GLOBAL TECH GIANT Amazon’s expansion into food retailing has wowed the financial markets, but is a real problem for farmers.
In the USA, the online retailer Amazon (worth $US470 billion) has bought Wholefoods for $US13.7 billion to accelerate its move into food retailing.
Big dollars for an average investor, but just a minor side bet for Amazon.
That caused the share price of Woolworths and Coles to slide in Australia because Amazon is stirring the Sydney, Melbourne and Brisbane industrial shed market, buying-up huge distribution centres for their move into Australia.
The financial market experts are all excited about the possible disruption to our grocery market, with predictions of drones delivering fresh produce to the front door of urban consumers. And Amazon/Wholefoods is particularly aimed at organic foods. The hipsters can hardly hold their pants up.
But, and this is just a very practical, down to earth ‘but’, what about the farmers and food producers and packers and manufacturers?
When Aldi last year started its push into fresh produce, it caused a stir in the produce markets and supply chains. And they are a minnow compared to Amazon’s financial firepower and market ambitions.
A further complication is that Amazon, in its trials mainly in north-western USA and the UK, has concentrated on organic foods.
Without debating the science of whether organic foods are actually better (the vitamin and mineral content in organic fruit and vegetables is often lower than an ‘industrially’ grown produce), they are very sexy for consumers — and more profitable for retailers.
But there’s often not much in it for farmers. They might get paid a little bit more, but the risks and costs are often much higher.
Last year, chicken manure was trucked nearly 1,000kms north from chicken farms around Gympie to north Queensland to prepare ground for some organic produce. Not many chickens are grown in big sheds in north Queensland because of heat and the effect of cyclones (piling dead chickens in the corner of a shed), so there’s a lack of chook poo — a major need for organically farmed vegetables.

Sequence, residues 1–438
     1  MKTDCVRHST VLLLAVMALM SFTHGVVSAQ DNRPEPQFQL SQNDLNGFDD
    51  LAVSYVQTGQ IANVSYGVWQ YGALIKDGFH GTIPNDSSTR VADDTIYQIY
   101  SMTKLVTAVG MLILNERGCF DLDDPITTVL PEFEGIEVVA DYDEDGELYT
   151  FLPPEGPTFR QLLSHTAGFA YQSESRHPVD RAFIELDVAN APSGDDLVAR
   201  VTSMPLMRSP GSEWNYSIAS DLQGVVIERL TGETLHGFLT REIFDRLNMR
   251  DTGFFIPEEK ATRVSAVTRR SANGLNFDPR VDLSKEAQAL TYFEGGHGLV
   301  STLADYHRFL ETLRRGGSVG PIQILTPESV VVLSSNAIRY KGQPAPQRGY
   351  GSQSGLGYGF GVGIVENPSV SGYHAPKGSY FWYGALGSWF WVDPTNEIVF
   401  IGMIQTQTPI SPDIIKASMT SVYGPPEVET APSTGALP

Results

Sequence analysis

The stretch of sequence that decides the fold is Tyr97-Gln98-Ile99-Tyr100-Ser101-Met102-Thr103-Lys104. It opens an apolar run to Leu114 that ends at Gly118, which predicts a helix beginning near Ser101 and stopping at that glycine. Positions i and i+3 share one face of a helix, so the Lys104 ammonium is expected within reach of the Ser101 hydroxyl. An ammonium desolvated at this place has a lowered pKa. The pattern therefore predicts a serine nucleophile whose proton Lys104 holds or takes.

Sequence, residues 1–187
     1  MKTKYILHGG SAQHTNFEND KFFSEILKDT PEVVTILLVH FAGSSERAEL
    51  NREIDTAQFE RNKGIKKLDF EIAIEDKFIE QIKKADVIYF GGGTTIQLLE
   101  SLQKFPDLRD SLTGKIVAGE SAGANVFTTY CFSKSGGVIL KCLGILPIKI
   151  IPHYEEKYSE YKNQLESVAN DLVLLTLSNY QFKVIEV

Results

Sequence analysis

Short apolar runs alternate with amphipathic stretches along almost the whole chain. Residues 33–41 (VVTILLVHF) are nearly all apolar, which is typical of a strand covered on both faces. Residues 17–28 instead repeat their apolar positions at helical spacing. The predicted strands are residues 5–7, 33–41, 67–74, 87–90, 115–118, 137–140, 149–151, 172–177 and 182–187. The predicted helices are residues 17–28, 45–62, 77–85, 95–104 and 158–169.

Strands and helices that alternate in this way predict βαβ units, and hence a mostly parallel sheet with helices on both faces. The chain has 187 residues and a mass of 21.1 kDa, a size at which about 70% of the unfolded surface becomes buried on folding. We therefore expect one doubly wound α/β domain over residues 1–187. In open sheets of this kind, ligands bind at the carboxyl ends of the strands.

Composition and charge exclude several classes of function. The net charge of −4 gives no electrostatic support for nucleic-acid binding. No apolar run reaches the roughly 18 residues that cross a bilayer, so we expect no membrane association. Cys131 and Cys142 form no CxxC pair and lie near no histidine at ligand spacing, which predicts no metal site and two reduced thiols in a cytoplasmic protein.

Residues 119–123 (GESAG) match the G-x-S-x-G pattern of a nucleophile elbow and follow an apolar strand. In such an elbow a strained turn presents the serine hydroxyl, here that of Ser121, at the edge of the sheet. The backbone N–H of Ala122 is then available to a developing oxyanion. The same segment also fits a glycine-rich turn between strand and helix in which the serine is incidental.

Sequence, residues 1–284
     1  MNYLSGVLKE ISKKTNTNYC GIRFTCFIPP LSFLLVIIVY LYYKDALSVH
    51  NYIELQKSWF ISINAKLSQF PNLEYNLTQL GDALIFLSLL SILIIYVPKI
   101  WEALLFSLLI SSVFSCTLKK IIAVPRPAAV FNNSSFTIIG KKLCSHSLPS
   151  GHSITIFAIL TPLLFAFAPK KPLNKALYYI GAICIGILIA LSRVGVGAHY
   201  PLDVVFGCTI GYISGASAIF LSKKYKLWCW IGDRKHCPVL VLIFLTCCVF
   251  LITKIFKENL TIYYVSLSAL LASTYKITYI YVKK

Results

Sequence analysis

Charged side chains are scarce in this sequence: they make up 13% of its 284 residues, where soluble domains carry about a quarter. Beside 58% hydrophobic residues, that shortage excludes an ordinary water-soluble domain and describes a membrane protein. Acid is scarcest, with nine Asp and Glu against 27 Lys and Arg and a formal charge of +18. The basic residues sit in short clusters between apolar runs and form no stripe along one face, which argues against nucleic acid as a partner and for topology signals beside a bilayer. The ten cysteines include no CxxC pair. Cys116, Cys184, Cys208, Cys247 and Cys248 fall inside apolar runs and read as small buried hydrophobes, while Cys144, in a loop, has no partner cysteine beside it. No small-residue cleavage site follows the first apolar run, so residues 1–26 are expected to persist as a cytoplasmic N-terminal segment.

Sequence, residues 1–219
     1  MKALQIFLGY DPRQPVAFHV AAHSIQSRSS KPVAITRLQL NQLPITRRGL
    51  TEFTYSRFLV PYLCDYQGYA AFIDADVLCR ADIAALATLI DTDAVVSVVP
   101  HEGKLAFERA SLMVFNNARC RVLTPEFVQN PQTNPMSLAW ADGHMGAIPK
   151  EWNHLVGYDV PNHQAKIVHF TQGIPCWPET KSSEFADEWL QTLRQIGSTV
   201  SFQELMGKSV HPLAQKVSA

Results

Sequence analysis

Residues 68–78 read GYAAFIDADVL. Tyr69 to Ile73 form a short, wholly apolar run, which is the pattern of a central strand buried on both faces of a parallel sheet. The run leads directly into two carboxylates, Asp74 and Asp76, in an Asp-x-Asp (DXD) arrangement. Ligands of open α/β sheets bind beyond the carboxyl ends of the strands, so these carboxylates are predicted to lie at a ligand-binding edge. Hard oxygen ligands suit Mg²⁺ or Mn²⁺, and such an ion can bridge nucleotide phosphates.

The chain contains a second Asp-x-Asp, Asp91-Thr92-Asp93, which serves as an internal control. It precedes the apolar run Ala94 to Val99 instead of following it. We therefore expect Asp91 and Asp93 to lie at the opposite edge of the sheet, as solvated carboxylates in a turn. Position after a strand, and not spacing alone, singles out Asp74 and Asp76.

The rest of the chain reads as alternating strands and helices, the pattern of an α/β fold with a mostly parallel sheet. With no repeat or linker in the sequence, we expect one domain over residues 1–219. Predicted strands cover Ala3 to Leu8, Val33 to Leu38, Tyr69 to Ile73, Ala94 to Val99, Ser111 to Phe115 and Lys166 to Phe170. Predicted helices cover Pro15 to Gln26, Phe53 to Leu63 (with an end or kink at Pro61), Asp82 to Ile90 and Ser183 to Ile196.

Then you have to grow without fertiliser or chemicals for three years, getting lower outputs but the same ordinary prices, until your land is certified organic. That’s a very big investment. It is a big cash flow hit for a few years, but significant labour cost implications for a ‘perhaps’ increased return.
It’s the reason not many farmers have gone the whole organic transformation.
Already US farmers have run the calculator over the Amazon purchase of Wholefoods and wonder where all the extra organic produce is coming from to meet their hugely aggressive sales growth targets.
It’s possible existing organic food suppliers are about to make a motza over the next few years as Amazon and existing supermarket chains battle it out for organic produce.
Or, as shown in court cases last week, the sneaky supermarkets did dodgy deals with overseas suppliers whose commitment to supply organic grain and packaged produce was shown to be nothing more than faking documents of origin and slapping ‘organic’ labels on standard produce.
It’s all very well for the marketing gurus and strategic planners to develop impressive computer graphics showing a huge growth in organic produce driving their tech savvy online retailing, but someone needs to grow the produce — organically or not.
And be paid a reasonable price for the extra effort and risk!